My name is Shauna and I am Clinical Nurse Manager on a children’s burns unit.
I tailor my practice to each child, and make sure they and their parents are comfortable at every stage of their care. I do my best to stay positive and calm, to cascade that feeling down to the ward, the children and their families.
I do this to help children and their families through what can be an incredibly difficult time in their lives.
I always wanted to do something in healthcare, that was very apparent for me from a very young age. And then we had a talk from two nurses in school, it just seemed to be such a beautiful way to help every aspect of life. You could go into it and be there from birth, right the way up to end of life, and everything in between.
I did a dual degree and qualified in children’s and general nursing. Then I started my career here, on this ward, before going on to do a graduate diploma in burns and plastics. That helped me become Clinical Nurse Manager and I’ve been qualified now for nearly seven years.
When I tell people I work on a children’s burns unit, everyone’s initial reaction is, ‘oh…’. But being in burns is great, in that it is obviously incredibly traumatising for the child and their families, but for the vast majority, I mean 99%, they come in to you, you help them through it, and then you see them go home and do brilliantly.
Our burns unit here is very nurse-led, which is what I love. You’re assessing, you’re deciding on dressing changes, you’re looking at the wound, you’re deciding what goes on it, you’re heavily involved with the child and their parents. You’re given an opportunity to look at what you can change for the better, what’s not working, what can we do better.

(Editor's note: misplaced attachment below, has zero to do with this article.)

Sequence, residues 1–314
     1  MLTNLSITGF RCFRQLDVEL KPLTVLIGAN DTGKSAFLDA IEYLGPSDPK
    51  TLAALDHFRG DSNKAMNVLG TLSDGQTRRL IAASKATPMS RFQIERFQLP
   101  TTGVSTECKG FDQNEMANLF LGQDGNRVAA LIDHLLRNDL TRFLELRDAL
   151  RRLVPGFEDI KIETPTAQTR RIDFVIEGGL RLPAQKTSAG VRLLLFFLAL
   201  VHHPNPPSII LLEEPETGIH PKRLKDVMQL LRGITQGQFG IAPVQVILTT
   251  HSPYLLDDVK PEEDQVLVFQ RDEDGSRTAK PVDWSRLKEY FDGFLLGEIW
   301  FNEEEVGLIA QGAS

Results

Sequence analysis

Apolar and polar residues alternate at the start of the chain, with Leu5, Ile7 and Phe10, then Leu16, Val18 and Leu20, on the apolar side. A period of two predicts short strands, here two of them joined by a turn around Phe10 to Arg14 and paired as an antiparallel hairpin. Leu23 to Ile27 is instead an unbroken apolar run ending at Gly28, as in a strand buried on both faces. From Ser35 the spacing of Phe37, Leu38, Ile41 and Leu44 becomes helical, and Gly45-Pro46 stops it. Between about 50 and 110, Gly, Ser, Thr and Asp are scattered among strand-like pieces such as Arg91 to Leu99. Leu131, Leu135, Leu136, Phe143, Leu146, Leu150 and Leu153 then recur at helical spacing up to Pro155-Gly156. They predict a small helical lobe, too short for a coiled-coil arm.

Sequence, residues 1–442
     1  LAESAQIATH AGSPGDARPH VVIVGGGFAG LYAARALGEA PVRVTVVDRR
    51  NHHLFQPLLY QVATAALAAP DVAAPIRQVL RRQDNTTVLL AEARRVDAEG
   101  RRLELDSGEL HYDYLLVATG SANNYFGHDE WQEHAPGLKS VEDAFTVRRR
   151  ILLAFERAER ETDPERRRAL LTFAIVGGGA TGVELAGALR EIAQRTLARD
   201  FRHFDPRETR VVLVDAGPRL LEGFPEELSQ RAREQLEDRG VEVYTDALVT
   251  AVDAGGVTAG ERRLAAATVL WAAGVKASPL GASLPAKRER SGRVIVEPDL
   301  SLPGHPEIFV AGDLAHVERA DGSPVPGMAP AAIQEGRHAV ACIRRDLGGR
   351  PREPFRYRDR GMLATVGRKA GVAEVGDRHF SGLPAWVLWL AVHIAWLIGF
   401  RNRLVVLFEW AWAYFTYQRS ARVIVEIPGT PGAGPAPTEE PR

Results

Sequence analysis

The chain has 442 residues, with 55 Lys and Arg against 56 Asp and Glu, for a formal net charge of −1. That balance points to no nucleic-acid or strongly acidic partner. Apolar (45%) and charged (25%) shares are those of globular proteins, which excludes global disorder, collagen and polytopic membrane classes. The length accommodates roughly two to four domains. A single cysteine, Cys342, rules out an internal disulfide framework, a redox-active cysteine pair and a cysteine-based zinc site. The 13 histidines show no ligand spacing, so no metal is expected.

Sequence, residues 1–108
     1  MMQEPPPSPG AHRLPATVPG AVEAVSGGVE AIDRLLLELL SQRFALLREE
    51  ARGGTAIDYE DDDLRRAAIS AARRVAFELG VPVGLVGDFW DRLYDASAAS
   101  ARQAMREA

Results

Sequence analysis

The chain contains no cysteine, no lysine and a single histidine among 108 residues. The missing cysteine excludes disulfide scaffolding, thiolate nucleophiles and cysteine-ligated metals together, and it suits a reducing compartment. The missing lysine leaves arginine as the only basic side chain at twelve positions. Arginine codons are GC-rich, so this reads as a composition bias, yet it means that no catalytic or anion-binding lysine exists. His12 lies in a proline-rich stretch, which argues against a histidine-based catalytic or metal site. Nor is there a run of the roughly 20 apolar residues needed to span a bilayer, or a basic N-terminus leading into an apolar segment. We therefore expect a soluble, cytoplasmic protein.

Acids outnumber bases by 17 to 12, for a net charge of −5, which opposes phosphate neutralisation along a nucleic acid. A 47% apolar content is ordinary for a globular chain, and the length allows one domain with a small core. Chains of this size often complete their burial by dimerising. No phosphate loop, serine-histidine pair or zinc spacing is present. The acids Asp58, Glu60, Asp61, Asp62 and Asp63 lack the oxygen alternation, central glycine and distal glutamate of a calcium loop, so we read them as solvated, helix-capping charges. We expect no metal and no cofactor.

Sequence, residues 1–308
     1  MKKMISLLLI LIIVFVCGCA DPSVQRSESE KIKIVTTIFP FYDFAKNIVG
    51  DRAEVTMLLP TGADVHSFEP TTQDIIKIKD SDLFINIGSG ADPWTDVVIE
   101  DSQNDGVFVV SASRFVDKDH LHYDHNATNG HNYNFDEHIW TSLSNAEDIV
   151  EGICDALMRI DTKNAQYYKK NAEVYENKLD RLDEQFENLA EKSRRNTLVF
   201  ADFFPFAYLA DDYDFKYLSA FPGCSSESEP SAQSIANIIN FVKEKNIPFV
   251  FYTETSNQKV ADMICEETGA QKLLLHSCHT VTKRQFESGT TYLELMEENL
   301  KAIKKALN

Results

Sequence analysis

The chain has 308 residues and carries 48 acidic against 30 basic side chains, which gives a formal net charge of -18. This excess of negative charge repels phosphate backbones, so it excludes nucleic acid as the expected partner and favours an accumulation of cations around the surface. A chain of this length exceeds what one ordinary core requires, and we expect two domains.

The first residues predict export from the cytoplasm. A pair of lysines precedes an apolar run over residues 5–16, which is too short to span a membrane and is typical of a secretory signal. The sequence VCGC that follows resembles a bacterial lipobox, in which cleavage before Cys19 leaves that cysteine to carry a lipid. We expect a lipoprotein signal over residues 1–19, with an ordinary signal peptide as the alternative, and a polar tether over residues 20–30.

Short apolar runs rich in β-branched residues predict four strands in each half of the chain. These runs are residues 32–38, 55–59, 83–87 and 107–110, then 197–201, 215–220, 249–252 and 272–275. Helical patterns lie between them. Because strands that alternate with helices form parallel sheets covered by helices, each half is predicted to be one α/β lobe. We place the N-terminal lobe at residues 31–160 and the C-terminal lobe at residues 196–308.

The job satisfaction, for me, is when you see the child and their family walking out the door, giving you a smile and a wave, and saying, ‘Thanks a million – even though we were hospitalised, we had a great time.’ To make someone’s life even the smallest bit easier, I get so much out of that.
I’m the first person from my family to go to college, or to university. So that was a huge achievement for both myself and my family. Then when I got the role of Clinical Nurse Manager, that was just brilliant. I wouldn’t have been one to push myself, but then when the opportunity came up, I thought, do you know what? Here we go, let’s do this. And I got it, and I was delighted. And I love it.
One of my greatest achievements is being in a job that I love, and really enjoy, and get so much out of. I think I’m so lucky because there are so many people that get up in the morning and are like, here we go again, but I think I’m so lucky to be in a job that I adore.
One of my university lecturers said ‘The day you stop learning in nursing is the day you need to give up.’ Because you learn something new every single day. And especially in children’s nursing, there’s not a day when the kids don’t teach you something. That’s what keeps nursing interesting.
You want to get your less experienced staff nurses trained up as quickly as possible. You go through the theory then the only way that they’re going to learn is to do the dressing themselves. But you’re there to support them and talk them through it, and you’re linking in with parents the whole way through as well.
No nurse is an island. We’re a team. You can’t do everything yourself and it’s so important to know when to ask for help. Definitely. That’s what keeps everyone going.